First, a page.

Let's talk about job fairs. Their purpose is simple; to put a lot of job seekers in the same room with a lot of job fillers (whether they are employers themselves or recruiting agencies) at the same time. The goal is to help people both find work as well as learn about potential work that might be available soon.

These fairs typically last for a day or two and, by the end of them, you’re fried. You’re drowning in resumes, can’t remember anybody’s name and, if you’re being honest with yourself, you’re not sure you made the best impression on the hundreds of people all trying to convince you of their awesomeness in the thirty seconds of time you have to spend with them.

This feeling gets worse if you are the recruiting company that is hosting the fair or conference. You convinced all of these firms and small businesses to come in and buy space. You marketed like crazy, hoping to attract some great and potential new-hires. Instead, everybody is leaving feeling grumpy and sweaty and like they just invested a whole lot of time for very little (or in some cases no) return.

But what if it didn’t have to be this way? What if you could create an event that people actually appreciated? What if you could create an event at which contacts actually get made and people actually learn things? It’s possible! Here’s how to do it.

Read, process and then implement your data.

At every one of these fairs you probably ask participants (both job seekers and job fillers) to fill out surveys, right? What do those surveys say?

The Survey Says

A lot of these surveys will rate things by numbers and that’s good. What did people like the best? Try to implement more of that next time. What did they hate the most? Try to have less of that or think about eliminating it completely. What did they say they wanted to see? Why not take some of those suggestions to heart? Those surveys aren’t just about taking up five minutes of a person’s time. They serve a real purpose. It is important to take them seriously.

It’s also important to give them an upgrade.

Paper-based or email-based surveys distributed at the end of an event aren’t going to yield much in the way of genuine feedback. By the time people get them, they’re tired. They may have even forgotten a lot about the event. The results are typically more negative and less detailed than they would be if you had managed to catch someone right after a great talk or interaction. This is why a lot of event organizers have started to adopt event apps.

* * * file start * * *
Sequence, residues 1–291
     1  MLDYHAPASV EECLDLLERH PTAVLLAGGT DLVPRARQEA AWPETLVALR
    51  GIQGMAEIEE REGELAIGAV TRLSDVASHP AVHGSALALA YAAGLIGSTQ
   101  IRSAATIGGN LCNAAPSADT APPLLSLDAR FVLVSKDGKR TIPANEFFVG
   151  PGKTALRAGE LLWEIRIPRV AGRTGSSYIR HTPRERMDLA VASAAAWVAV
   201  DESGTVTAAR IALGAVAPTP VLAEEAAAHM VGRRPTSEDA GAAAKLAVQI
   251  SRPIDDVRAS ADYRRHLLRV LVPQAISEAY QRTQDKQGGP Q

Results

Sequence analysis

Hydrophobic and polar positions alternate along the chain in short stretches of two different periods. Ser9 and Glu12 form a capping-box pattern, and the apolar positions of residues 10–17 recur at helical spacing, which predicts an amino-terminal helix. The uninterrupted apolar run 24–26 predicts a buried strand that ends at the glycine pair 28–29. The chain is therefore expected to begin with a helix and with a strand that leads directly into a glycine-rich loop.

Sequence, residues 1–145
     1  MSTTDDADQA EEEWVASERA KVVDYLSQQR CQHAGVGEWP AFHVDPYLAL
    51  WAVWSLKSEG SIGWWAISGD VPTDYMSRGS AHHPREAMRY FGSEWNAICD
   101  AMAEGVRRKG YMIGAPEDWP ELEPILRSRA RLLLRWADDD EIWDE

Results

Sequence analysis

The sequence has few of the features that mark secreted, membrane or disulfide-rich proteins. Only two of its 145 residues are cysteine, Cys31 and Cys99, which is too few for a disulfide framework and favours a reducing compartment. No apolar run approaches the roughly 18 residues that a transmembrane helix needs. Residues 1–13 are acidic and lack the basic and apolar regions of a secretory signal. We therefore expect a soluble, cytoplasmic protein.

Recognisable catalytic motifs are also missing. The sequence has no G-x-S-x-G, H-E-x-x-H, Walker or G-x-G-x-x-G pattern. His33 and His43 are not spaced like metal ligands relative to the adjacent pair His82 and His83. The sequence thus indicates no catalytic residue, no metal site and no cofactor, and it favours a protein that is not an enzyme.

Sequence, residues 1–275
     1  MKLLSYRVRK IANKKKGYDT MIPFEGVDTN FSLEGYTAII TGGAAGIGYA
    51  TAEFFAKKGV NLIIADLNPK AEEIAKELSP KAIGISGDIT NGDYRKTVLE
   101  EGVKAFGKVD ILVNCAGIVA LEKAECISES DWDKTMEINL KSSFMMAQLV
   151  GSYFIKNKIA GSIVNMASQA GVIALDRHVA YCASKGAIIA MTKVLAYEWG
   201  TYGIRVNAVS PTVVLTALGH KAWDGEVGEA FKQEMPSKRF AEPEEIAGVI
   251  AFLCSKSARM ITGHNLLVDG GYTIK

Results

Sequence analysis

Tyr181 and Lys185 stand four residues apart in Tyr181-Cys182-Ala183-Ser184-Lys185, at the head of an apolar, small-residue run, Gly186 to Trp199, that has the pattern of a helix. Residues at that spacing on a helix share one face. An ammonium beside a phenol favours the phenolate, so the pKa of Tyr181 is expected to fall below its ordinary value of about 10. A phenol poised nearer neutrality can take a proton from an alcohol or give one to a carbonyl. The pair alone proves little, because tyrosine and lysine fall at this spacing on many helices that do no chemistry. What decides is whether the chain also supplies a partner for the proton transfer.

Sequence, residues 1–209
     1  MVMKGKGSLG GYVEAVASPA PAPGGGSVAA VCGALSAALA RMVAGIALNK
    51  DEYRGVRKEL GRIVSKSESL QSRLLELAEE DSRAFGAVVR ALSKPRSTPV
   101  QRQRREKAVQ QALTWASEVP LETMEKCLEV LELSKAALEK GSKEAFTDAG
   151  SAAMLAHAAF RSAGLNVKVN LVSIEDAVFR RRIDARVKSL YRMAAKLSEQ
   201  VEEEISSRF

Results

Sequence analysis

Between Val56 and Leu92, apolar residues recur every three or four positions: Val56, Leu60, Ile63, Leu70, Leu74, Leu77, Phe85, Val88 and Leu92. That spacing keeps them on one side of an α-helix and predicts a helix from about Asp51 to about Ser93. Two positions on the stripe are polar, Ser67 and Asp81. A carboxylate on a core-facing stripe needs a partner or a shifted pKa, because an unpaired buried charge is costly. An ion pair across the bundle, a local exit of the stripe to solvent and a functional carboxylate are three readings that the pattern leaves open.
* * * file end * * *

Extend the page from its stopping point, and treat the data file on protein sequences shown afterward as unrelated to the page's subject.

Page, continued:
There's An App For That

Event apps, in addition to being great for programming information, sponsorship opportunities and advertising space, are great for gathering real time information and feedback about an event. 

DoubleDutch, a company that specializes in event apps, has implemented customer satisfaction metrics into its event performance measurements. Live surveys have also proved useful in measuring the success and failures of events.

Another benefit to using apps is they allow organizers, job fillers and job seekers to all interact with each other in real time. For example, if your job fair includes an education track, your speakers can post links to their notes and slides on the app and allow attendees to access them even if they aren’t able to sit in on the talk itself. 

They can also be used to facilitate and streamline the Q&A process and to foster connections that some might not have felt comfortable attempting face to face (rule of thumb: a portion of every event population is introverted. Find ways to accommodate that).

The best thing about collecting data in real time is that it is genuine and, generally speaking, a lot more honest and on point than you would get if you waited until the end of the event to ask for it.

It is important, also, to understand that this information isn’t just applicable for those of you who might be piecing together job fairs in your own areas. It also can apply to those who are simply participating in another company’s event. Real time feedback can help you build better booths, have better meetings, run better talks and panels, etc.

So keep doing the special events. They do serve a purpose, both for those who have jobs to fill and those looking for work. Just do them differently. With Data. It really is your best friend.